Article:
Nothing's more unnerving than two dogs that share your home getting into all-out fights. In many cases, scrapping dogs were friendly growing up, then puberty hit and the fights started. Stopping male dogs from fighting is an ongoing process and requires lots of patience and hard work. The good news is, you can restore peace to your home if you're willing to put in the effort to correct the dogs' behavior.
Get both males neutered. When males reach puberty, they go through hormonal changes and their sexual and territorial instincts kick in. Males sharing the territory are seen as competition, even if no females in heat are around. Neutering both dogs will lessen aggression, get rid of sexual frustration and do away with the need to show dominance over other male dogs. Keep in mind it can take months for the hormonal changes to take effect after the surgery. The change is not immediate.
Learn the clues that indicate your dogs are getting ready to fight so you can separate them before it happens. Getting in the middle of two dogs fighting can be very dangerous, so always try to prevent the fight from happening in the first place. This will require that you observe them keenly over time. Signs of aggression can include growling, a targeted frozen stare, raised hair on the back and anxiety every time the other dog comes near.
Exercise your pets daily. Aggression could be a sign of pent-up energy or frustration from a dog that doesn't get enough activity. If the dogs get along enough to exercise together, take them both with you. Otherwise, exercise them separately. Some dogs need more exercise than others, so figure out how much each one needs to get them tired and relaxed.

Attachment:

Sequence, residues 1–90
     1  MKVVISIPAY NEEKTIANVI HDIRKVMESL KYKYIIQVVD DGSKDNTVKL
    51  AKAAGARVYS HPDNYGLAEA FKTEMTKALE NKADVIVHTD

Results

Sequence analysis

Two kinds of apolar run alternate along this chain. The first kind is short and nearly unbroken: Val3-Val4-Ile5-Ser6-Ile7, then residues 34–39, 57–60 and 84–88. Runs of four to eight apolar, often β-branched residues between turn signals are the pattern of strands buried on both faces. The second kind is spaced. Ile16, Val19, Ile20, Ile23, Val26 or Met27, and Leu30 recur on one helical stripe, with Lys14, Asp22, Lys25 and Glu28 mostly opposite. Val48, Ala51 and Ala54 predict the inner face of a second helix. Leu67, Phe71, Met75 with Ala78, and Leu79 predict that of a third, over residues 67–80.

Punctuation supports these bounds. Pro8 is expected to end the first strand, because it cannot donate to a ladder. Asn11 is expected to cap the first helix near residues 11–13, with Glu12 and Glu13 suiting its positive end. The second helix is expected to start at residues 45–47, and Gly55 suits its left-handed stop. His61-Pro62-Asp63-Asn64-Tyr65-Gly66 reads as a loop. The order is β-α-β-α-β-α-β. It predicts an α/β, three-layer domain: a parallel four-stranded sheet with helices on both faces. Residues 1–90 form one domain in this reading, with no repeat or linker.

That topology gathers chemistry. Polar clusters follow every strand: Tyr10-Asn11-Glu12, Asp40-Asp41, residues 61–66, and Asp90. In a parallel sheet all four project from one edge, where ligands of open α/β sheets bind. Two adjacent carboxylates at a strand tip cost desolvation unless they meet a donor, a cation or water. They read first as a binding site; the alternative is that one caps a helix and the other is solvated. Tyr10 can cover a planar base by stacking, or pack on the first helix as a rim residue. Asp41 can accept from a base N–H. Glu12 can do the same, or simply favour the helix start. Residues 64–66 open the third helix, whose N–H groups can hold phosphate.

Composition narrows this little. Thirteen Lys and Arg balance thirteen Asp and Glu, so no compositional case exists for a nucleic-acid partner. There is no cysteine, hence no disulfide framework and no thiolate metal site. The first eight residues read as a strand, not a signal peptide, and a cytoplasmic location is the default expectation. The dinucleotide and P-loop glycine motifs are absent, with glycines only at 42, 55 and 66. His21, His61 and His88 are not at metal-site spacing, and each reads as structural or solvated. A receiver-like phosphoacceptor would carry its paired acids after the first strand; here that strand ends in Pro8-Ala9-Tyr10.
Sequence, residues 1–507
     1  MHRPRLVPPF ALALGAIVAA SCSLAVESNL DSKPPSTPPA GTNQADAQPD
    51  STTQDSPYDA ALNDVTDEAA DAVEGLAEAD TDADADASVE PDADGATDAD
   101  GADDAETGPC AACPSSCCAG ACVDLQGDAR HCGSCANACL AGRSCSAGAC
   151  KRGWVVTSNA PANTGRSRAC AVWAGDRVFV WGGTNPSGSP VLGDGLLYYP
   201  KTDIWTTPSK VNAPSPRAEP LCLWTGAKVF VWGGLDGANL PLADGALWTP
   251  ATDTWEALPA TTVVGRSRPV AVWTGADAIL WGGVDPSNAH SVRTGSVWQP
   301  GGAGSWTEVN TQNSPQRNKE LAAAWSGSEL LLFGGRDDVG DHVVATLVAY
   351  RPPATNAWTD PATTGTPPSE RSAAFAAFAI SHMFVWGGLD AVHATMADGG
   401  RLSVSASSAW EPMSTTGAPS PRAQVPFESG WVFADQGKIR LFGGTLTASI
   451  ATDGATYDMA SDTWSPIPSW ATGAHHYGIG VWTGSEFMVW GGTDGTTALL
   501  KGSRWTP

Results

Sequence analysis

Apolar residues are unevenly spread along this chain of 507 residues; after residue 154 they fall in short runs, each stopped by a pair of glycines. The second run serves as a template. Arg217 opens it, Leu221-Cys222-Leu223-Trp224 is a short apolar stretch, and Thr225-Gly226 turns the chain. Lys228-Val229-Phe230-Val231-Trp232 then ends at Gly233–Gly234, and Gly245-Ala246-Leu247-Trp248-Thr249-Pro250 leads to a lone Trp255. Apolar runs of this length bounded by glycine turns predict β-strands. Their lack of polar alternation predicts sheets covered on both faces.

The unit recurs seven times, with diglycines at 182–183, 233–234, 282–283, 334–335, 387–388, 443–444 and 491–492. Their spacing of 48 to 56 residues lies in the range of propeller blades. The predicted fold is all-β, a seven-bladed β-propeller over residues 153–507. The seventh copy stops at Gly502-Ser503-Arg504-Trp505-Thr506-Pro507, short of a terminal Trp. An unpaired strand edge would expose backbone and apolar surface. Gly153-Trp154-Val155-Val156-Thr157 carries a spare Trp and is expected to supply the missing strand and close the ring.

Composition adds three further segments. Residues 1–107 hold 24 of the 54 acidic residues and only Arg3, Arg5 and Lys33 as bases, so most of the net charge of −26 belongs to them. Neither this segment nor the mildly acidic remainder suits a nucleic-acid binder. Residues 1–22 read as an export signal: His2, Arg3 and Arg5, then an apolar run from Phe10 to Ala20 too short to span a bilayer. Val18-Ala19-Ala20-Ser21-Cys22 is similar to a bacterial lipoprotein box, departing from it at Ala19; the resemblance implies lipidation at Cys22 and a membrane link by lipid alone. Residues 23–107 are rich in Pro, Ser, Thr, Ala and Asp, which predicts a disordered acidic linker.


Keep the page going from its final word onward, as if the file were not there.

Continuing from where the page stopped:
Keep the dogs separate if necessary. This might be the only way to prevent injury, especially when you're not around. If you can split your yard in two using a gate or fence, this will allow both dogs to have access to outdoor time on their own, at the same time. If not, alternate having one dog inside and one outside, or crate one dog at a time.
Support the place of the dominant dog. No matter how many dogs you have in the house, there will always be one that's more dominant than the others. If the position is already established, respect it. Feed and pet the dominant dog first to confirm its position. If the submissive dog accepts his place, the fights might be less likely to happen.
Talk to your vet about medication if the aggression comes always from the same dog. This is especially important if the dog also has other behavioral issues, such as anxiety problems or aggression toward people. This could indicate that your dog has a medical issue that's aggravating the aggression towards your other male dog. Medication can help control the aggression issue, allowing you to train your dog better -- but it is not meant to replace training. Common medications prescribed to treat aggression include Zoloft and Prozac, among others.
Tammy Dray has been writing since 1996. She specializes in health, wellness and travel topics and has credits in various publications including Woman's Day, Marie Claire, Adirondack Life and Self. She is also a seasoned independent traveler and a certified personal trainer and nutrition consultant. Dray is pursuing a criminal justice degree at Penn Foster College.